Nakuru County Government has inked a deal with Kenya Commercial Bank (KCB) aimed at offering training and affordable financing to over 2,000 Small and Medium Enterprises (SMEs) within the devolved unit.

Governor Lee Kinyanjui said his administration was partnering with the bank to offer credit facilities at a 12.5 per cent interest rate per annum, out of which 5 per cent would be covered by the County Government’s Cooperatives Revolving Fund while the remaining 7.5 per cent would be catered for by the borrower.

Speaking at the County headquarters when he signed a Memorandum of Understanding with the financial institution, Kinyanjui noted that though most SMEs had been adversely affected by Covid-19 economic aftershocks, affordable financing remained a challenge due to high interests offered.

“We urge other financial institutions to realign their programmes by assisting traders to adapt to the new reality caused by the COVID-19 pandemic.

Though SMEs are the driving force of economic development in Nakuru County, accounting for 90 per cent of all businesses, 50 per cent of employment, and 40 per cent of Gross Domestic Product access to affordable finance remains a challenge to many,” noted the Governor.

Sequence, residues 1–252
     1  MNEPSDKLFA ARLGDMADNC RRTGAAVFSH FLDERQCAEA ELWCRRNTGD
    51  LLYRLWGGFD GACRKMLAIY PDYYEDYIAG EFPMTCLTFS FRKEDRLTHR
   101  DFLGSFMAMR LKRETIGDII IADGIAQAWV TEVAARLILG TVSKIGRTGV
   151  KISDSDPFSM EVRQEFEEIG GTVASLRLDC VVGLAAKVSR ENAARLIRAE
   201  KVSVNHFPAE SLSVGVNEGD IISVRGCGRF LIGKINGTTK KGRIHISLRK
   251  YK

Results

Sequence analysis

He noted that lack of sufficient collateral, high cost of credit, and informal business structure had rendered most SMEs ineligible for financing, a situation Kinyanjui noted had been worsened by the Covid-19 pandemic.

“With reduced turnover and Covid-19 disruptions in the market and supply chains, many Small and Medium Enterprises are unlikely to attract affordable and quality credit under the traditional arrangements,” Kinyanjui added.

He was flanked by KCB head of Commercial Division Wanjeri Kihara, KCB Director Retail Banking Anastacia Kimutai Deputy Governor Dr Eric Korir, County Executive Committee Member for Trade and Tourism Raymond Komen Trade and County Attorney Caleb Nyamwange.

The KCB head of the Commercial Division indicated that though there existed growth opportunities for entrepreneurs in the country in the e-commerce industry, there is a need for policymakers to address factors such as high taxes and costly prices of data in some markets, made worse by relatively low-income levels.

Kihara affirmed that through the partnership, the two parties were keen to see local businesses grow beyond financial success to achieve greater social impact.

By Fred Azelwa.